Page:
Last week, Superman fans got a double dose of the Last Son of Krypton, alternately exciting and confusing audiences about the on-screen future of the character. First, Tyler Hoechlin and Bitsie Tulloch reprised their roles as the small screen Clark Kent and Lois Lane, first introduced in The CW’s Arrowverse, for their own spinoff Superman and Lois. Despite skepticism from yours truly, the premiere was surprisingly charming without trodding overly familiar ground. Just a few days layer, Shadow and Act exclusively reported that J.J. Abrams was producing a Superman reboot for Warner Bros. with acclaimed writer Ta-Nehisi Coates penning the screenplay. Both major developments come on the heels of Henry Cavill’s big screen run as the Man of Steel, which will continue with Zack Snyder’s Justice League hitting HBO Max on March 18 and extend into new projects if Cavill gets his wish.
With so many Superman plates spinning (flying?) in the air at once, it’s fair to wonder how it all fits together.
Love them or hate them, the major Superman movies of this century—Superman Returns, Man of Steel, Batman v Superman: Dawn of Justice and Justice League—failed to live up to expectations both critically and commercially. Against a mammoth $270 million budget in 2006 (!), Superman Returns only earned $391 million worldwide while failing to properly modernize the character. A valiant attempt to do something different resulted in a stodgy and slow-moving would-be epic too beholden to the past. Man of Steel ($668 million worldwide gross) and Batman v Superman ($873 million) both featured more crowd-pleasing action than Superman Returns, but neither hit their $1 billion box office ceilings as expected by WB. Both also proved polarizing to fans and critics alike with grim-dark characterizations that didn’t so much deconstruct the superhero mythos as rearrange it. The less said about the unintentionally hilarious theatrical version of Justice League, which lost WB up to $100 million, the better.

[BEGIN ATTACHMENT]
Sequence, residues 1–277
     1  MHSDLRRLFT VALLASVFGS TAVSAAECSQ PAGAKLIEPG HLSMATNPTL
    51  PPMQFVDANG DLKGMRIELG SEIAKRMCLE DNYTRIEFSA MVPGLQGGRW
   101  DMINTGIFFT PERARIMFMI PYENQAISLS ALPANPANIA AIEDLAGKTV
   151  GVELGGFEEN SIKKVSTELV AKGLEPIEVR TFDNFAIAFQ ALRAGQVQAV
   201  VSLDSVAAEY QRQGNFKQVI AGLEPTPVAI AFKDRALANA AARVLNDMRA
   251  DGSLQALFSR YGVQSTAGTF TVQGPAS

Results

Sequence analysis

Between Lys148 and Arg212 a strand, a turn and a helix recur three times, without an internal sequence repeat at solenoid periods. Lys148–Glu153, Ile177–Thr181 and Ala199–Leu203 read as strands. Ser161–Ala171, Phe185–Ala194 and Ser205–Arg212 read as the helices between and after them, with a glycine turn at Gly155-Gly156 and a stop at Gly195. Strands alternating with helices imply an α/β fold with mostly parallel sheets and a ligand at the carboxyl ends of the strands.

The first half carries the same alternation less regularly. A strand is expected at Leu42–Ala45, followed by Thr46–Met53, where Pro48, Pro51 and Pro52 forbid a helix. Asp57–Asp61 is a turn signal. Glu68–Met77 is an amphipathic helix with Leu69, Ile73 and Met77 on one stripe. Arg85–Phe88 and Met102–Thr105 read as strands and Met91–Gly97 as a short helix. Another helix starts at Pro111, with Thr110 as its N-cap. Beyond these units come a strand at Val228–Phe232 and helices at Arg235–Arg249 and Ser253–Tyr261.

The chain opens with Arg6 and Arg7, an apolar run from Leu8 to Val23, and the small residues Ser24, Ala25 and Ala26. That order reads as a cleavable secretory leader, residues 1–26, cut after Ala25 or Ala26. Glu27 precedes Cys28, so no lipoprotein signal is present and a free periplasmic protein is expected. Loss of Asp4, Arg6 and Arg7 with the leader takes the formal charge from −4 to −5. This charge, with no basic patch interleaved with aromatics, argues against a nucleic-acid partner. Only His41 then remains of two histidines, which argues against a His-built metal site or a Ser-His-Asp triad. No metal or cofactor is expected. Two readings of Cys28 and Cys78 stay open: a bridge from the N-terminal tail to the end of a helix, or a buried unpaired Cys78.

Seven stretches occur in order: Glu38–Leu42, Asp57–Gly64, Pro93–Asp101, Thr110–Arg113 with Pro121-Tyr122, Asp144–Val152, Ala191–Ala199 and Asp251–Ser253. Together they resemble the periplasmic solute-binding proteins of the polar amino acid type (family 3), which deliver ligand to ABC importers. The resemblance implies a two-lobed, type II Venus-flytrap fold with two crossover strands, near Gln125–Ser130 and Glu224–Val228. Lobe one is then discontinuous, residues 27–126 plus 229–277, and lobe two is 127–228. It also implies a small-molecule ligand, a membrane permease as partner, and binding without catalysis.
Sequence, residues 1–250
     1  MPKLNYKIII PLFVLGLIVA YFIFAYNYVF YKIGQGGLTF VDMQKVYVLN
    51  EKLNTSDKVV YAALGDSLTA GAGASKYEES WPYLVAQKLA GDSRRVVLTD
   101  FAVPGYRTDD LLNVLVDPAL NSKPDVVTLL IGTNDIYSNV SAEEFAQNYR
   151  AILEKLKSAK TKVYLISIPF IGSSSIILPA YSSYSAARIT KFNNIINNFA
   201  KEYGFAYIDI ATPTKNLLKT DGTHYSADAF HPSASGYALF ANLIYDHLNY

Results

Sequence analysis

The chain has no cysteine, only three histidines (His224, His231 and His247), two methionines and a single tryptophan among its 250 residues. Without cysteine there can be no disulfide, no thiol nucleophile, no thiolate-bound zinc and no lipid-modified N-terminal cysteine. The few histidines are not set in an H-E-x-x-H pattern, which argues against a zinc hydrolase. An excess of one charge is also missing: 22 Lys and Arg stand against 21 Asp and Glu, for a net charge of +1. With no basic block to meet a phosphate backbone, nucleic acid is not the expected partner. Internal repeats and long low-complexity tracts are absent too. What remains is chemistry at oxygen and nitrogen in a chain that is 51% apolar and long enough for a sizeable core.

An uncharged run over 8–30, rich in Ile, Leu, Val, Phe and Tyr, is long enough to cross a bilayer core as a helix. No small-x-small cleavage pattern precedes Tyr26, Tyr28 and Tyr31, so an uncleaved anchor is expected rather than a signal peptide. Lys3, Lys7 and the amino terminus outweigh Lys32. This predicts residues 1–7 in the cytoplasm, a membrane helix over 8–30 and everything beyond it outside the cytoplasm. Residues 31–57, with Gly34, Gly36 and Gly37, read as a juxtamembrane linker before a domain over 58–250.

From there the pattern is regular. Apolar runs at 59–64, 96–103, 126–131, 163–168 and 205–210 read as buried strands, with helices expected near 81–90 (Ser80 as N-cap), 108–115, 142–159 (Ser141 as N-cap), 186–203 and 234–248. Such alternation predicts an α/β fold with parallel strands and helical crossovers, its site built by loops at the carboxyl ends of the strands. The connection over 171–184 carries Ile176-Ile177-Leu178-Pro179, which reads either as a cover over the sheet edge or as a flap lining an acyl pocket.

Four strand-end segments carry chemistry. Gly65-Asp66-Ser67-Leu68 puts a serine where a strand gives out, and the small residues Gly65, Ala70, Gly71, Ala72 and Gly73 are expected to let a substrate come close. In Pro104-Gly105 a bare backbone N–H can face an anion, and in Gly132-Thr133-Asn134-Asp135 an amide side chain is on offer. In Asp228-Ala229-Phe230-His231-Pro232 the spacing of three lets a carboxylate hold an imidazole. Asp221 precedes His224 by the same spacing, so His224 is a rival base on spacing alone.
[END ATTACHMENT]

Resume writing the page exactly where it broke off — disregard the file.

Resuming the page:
There were disparate strands of valuable DNA in some of these features that represented high-upside potential and new ways forward for the character. Superman Returns refreshingly cared more about telling a Clark Kent story than a Superman tale; Snyder’s films were beautifully shot cinematic paintings of stunning action and choreography. But none of them fully coalesced into sturdy concepts capable of supporting the type of franchise Warner Bros. hoped to launch. You could even make the case there hasn’t be a sure fire no doubt about it big screen Superman hit since 1980’s Superman II.
Abrams and Coates’ reboot will reportedly revolve around a Black Superman, potentially Val-Zod of Earth-Two first introduced in the pages of the comics in 2014, though that remains unconfirmed. Coates is an acclaimed author, essayist, journalist and writer with bestselling books (The Beautiful Struggle, We Were Eight Years in Power, Between The World And Me) and popular Marvel Comics runs (Black Panther, Captain America) under his belt. Tapping a respected authority on race, identity and politics to bring a thematically fresh perspective to a property that has struggled against the weight of expectations for decades is a strong pathway to reinvention. This is exactly the type of left turn that can reinvigorate the Superman property.